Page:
Discerning Reader Editorial Review
Reviewed 01/06/2009 by Mark Tubbs.
Recommended. Despite shortchanging the atonement, a helpful book that points to Christ.
In the evangelical world variations of the following are heard with concerning frequency:
“I’m in a desert place right now.
“I need more of Jesus.”
“I feel so far away from God.”
“I need to get right with God.”
In answer to these types of desperate utterances, Mark Atteberry offers a ‘free refill’ of Jesus. Or more accurately, Jesus offers a free refill of himself. Atteberry is merely a direction marker towards the thirst-quenching well for those who have lost the map. This book – this Jesus – is for the frustrated, the stressed, the pained, and the hurt, to mention but a few. Long-time pastor of Poinciana Christian Church in Florida, Atteberry has encountered these issues arising in the lives of his parishioners for decades now, and has faced them in his own life: the dryness, the lack, the distance, the woundedness.
Lest you think this book will be long on therapy and short on gospel, let me assure you that Atteberry is solidly rooted in the doctrines of the Christian faith. At times he is mellow, and at others he is hard-hitting. Whichever tone he takes, his concern is pastoral and his sights are on Christ. But even as a pastor, as he admits, it doesn’t always feel like faith is growing:
Yes, I know faith isn’t supposed to dwindle. But this isn’t a perfect world, and things don’t always work out the way they’re supposed to. It doesn’t always snow on Christmas. The ideal couple doesn’t always live happily ever after. The Cardinals don’t always win the World Series. And Christians aren’t always brimming with faith.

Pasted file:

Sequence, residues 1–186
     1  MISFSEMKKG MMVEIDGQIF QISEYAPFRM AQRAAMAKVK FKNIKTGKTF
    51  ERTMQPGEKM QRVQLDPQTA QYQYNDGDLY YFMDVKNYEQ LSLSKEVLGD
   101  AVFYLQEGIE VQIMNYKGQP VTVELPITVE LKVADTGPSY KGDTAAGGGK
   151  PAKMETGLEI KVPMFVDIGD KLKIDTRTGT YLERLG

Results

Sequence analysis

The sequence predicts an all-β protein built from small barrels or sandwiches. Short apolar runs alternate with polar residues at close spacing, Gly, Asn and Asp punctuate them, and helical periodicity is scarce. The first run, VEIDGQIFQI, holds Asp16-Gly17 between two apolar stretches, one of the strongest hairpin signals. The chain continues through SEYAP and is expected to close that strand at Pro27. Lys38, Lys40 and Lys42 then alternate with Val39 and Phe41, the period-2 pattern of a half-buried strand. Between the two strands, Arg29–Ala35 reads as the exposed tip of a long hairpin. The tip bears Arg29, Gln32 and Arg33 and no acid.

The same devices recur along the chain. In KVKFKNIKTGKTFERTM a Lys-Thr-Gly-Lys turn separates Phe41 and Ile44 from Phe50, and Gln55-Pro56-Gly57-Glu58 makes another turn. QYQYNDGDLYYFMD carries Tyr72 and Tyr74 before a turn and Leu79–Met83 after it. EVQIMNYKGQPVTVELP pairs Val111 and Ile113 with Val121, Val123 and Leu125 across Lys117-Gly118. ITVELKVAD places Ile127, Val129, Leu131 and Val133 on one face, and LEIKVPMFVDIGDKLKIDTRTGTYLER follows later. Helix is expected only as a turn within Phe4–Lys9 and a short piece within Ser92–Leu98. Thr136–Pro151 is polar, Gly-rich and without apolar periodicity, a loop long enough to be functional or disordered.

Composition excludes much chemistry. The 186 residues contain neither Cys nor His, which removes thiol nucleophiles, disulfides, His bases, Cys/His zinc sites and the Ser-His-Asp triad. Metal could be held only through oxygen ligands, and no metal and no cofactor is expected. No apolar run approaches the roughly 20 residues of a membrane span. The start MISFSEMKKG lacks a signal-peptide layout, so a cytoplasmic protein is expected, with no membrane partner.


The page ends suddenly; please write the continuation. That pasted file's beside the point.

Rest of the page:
This book doesn’t promise to solve the dilemma of dwindling faith, and it certainly doesn’t promise to refill your faith in and of itself. But it does say two important things: firstly, that in dealing with dwindling faith, you’re not alone among Christians, and secondly, that Christ promises ‘free refills’ of faith in his presence, his words, his promises, his love, his goodness, his victory, and his return. The aforementioned subjects double as the book’s chapter titles, and in each chapter Atteberry teases out various applications of the Bible stories he retells.
How I wish I could conclude the review here. But to be balanced, just, and above all, biblical, I cannot. I do have some complaints with the content.
First a minor point of contention:
Atteberry claims Jesus didn’t enumerate the sins of the woman at the well – well, yes he did (John 4:17-18). Later, he says the Samaritan woman has “had her heart broken at least five times.” How can we possibly know this? Isn’t it more likely – based on the people Jesus often consorted with – that she is the adulteress herself? Or to be a bit more charitable, perhaps she is the home-wrecker two or three out of the five times? The point is that we cannot know definitively either way. We should believe the best, but by the same token we should avoid minimizing sin as well.
And now a major one:
At the end of the first chapter, I thought Atteberry’s treatment of the atonement (26) was quite weak:
God was pleased to crush Jesus, and there’s a very important reason why. He knew that crushing Jesus was the only way to build a bridge of understanding between Heaven and earth. Without that bridge, we would feel cut off and alone in times of temptation and suffering.